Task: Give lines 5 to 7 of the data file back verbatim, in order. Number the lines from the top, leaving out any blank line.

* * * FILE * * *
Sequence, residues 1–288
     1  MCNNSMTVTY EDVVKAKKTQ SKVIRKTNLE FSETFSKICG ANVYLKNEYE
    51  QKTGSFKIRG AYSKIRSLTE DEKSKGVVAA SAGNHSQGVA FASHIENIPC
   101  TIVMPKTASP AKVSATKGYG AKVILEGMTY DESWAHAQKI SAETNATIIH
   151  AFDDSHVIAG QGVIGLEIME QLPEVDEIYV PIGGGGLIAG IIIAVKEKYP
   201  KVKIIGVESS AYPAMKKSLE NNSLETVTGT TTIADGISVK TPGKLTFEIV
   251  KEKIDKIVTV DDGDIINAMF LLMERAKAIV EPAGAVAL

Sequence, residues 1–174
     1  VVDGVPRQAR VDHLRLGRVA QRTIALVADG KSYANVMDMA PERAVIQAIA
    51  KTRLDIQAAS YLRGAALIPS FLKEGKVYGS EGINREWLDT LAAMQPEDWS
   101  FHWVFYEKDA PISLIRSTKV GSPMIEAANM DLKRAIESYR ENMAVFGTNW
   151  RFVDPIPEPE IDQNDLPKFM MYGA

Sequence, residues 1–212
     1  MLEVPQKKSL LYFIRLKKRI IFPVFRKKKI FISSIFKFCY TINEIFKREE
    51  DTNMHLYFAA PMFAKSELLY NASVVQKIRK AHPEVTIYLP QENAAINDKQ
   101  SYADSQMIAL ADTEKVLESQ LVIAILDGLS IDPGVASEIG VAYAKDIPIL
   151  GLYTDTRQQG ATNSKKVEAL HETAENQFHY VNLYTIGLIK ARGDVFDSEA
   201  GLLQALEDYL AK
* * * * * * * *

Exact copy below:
   151  AFDDSHVIAG QGVIGLEIME QLPEVDEIYV PIGGGGLIAG IIIAVKEKYP
   201  KVKIIGVESS AYPAMKKSLE NNSLETVTGT TTIADGISVK TPGKLTFEIV
   251  KEKIDKIVTV DDGDIINAMF LLMERAKAIV EPAGAVAL